Oscar Watch: Penelope Ann Miller
While The Artist has unquestionably launched Jean Dujardin and Berenice Bejo onto the A-list, the Best Picture Oscar nominee also serves as the unofficial comeback vehicle for Penelope Ann Miller.
A big-screen staple throughout the 80s and 90s -- she starred in Carlito's Way, Kindergarten Cop, Chaplin, The Freshman and Adventures in Babysitting for starters -- Penelope took a pregnant pause after getting married in 2000 and giving birth to two children.
But now that she's made her mark on this millennium, Penelope assured me during our whimsical chat that The Artist is just the start of her "comeback."
Insider.com: I simply don't know where to begin talking about this movie...
Penelope Ann Miller: I know, it has people speechless! [laughs]
Insider: Take me back to the day you get this script and are pitched this film. Is there even a script, or is there just sort of a post-it with the title of the movie?
Penelope: [laughs] Yes, there was a script but it was just it was more descriptive than dialogue. It really read like a story. Michel [Hazanavicius, writer/director] really did a beautiful job -- it was bound and on each side of the page there were photographs of Berenice [Bejo] and Jean [Dujardin] in period costume, and period locations. It was very picturesque. It was definitely unusual, so I did get this almost hesitant call from my agent saying, "They're making this black and white silent film and it's set in the 20s." That perked me up because I love the 20s, and I asked, "Well, who is in it?" He said, "The two leads are French and the director is French," and I'd never heard of them nor could I pronounce their names [laughs]. And I thought that this was getting more interesting by the minute.
Insider: But were you worried that it might be tough to sell a silent black and white film in 2012?
Penelope: Oh, I didn't think anyone would ever see it, but at least I'd have fun playing dress up [laughs]. Then I met with the director and we really kind of hit it off in terms of what movies we loved and the homework he'd done on the project and how he was planning to film it. I know it was important for him that this was a real movie about real people and not a gimmick. He really wanted everybody to be very authentic. And then actors like James Cromwell, John Goodman and Malcolm McDowell were talking about joining so I thought I'd take this leap of faith. If nobody sees it I'll come out unscathed and if someone sees it maybe it will be nice! And here we are, of course, with ten Academy Award nominations, and winning the Golden Globe. It has been beyond our wildest dreams, everybody is in shock in a lot of ways, and of course thrilled.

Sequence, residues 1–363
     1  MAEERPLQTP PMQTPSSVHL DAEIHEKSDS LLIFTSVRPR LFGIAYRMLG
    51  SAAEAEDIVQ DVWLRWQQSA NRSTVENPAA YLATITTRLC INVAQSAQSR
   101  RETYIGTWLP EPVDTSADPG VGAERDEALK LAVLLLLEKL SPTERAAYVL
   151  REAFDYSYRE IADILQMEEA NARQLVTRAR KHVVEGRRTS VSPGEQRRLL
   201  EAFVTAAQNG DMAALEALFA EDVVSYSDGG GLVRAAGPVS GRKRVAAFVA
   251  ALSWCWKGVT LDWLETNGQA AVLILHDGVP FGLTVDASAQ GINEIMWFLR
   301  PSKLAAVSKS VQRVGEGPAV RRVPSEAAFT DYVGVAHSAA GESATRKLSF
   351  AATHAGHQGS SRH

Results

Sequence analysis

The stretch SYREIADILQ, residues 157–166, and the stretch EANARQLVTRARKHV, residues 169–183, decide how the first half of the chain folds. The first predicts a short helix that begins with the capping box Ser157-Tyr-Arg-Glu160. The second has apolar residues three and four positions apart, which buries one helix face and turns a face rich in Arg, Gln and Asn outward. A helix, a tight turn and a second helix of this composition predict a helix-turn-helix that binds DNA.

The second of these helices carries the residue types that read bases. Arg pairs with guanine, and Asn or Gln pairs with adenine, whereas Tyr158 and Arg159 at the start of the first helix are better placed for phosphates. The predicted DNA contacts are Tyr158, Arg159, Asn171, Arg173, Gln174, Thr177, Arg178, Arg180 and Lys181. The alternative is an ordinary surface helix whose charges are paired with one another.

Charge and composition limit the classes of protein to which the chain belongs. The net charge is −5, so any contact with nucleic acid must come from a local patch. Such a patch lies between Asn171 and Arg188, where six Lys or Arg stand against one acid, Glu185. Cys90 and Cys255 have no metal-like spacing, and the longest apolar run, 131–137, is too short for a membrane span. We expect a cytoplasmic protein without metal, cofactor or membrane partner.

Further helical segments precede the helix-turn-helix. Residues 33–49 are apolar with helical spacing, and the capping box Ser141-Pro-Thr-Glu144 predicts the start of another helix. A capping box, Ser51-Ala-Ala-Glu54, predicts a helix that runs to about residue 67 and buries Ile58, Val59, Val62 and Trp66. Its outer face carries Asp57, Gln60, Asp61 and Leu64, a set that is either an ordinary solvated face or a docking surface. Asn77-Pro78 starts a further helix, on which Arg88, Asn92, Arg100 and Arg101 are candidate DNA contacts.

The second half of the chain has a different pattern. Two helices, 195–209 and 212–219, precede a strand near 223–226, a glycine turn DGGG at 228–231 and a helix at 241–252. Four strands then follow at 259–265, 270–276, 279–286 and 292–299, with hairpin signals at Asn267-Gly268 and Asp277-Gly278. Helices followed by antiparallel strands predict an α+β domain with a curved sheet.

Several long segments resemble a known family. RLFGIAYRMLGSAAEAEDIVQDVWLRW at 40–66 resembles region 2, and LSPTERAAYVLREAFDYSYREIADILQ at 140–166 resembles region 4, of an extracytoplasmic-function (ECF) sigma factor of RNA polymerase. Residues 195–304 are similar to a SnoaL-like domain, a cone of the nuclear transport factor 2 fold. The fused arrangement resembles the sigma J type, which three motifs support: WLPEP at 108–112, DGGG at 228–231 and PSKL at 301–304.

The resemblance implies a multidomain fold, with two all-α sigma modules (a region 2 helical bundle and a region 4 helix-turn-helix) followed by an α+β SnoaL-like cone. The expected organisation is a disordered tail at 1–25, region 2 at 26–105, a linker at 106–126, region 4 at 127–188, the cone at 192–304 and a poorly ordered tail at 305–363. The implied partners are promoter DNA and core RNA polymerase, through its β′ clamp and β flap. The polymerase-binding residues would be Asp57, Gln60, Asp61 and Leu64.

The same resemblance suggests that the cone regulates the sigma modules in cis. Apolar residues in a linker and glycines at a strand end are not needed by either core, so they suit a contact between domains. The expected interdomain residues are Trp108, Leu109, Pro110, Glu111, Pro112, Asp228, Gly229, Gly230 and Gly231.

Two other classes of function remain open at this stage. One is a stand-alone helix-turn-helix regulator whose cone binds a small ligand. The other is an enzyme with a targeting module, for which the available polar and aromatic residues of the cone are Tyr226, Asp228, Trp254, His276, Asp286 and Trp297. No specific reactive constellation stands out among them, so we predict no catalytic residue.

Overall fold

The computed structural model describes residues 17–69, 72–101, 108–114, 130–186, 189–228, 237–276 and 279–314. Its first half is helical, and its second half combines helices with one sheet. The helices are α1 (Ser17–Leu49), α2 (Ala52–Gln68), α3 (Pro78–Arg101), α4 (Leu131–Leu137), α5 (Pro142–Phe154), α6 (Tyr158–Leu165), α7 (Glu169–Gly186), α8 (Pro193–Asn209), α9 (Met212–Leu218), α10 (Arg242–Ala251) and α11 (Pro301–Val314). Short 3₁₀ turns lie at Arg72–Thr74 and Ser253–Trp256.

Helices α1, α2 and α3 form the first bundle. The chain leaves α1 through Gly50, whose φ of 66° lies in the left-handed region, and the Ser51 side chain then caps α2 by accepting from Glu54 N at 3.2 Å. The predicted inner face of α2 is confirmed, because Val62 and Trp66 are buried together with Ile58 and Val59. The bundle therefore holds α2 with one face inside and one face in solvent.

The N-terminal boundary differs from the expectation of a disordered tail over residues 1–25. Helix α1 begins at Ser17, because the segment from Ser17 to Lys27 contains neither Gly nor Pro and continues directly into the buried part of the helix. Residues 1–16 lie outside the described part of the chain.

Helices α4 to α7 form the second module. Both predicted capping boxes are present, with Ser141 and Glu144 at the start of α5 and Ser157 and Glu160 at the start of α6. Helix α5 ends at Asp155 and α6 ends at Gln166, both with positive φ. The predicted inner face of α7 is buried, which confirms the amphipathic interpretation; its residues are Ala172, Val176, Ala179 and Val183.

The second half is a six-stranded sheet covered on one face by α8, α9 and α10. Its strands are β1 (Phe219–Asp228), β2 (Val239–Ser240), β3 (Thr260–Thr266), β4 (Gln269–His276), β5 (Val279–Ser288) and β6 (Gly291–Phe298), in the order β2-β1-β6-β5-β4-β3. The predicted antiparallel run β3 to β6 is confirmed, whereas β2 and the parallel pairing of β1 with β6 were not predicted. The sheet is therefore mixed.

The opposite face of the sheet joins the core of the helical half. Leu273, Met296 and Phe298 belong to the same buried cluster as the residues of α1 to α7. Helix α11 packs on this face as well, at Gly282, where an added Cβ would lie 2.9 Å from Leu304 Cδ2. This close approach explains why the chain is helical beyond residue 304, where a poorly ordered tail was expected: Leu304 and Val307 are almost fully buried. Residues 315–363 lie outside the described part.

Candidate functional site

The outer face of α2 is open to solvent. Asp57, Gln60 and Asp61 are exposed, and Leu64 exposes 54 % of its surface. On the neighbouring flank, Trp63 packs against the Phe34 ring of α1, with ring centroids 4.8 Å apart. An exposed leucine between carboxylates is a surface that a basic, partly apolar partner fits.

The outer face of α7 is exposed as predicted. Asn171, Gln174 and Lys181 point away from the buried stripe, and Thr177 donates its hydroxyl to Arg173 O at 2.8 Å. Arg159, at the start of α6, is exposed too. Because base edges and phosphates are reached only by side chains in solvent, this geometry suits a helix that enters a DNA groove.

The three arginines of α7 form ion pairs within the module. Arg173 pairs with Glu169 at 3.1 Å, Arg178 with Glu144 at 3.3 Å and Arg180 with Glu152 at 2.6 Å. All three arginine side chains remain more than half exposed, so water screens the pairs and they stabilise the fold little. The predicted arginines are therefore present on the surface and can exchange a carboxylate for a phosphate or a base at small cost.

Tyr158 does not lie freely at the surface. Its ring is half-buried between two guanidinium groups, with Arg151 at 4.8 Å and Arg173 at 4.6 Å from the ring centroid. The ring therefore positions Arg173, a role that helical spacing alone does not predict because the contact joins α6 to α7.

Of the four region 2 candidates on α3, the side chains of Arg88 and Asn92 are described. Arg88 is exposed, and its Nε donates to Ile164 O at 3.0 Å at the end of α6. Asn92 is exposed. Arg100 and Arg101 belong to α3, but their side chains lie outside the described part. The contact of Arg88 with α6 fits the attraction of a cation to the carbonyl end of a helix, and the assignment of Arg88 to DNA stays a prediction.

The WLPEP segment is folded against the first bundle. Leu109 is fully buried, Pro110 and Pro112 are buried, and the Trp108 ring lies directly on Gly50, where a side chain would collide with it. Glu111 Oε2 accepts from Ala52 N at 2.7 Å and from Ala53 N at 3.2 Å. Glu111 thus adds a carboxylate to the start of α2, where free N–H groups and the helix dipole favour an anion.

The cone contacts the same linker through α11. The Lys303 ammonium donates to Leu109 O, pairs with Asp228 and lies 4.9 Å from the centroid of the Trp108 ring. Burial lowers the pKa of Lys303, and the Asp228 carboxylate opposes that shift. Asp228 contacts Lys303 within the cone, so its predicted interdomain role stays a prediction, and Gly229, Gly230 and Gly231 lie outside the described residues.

Insider: What was it like on Oscar morning as the nominations kept rolling in?
Penelope: You know, so much of this movie is about the visuals. That's what is telling the story and so every aspect of that part of the film -- from the art direction, the lighting and music, the cinematography, the costumes -- is so important to the success of the whole thing, so in a lot of ways I wasn't surprised because I felt like it's such an artistic film and if the Oscars are all about celebrating artistic excellence, then I felt like every aspect of this film would be recognized. Of course, I was overjoyed and thrilled beyond belief, but I just knew that if people saw this movie, it would change everything. And the reaction has surpassed my expectations.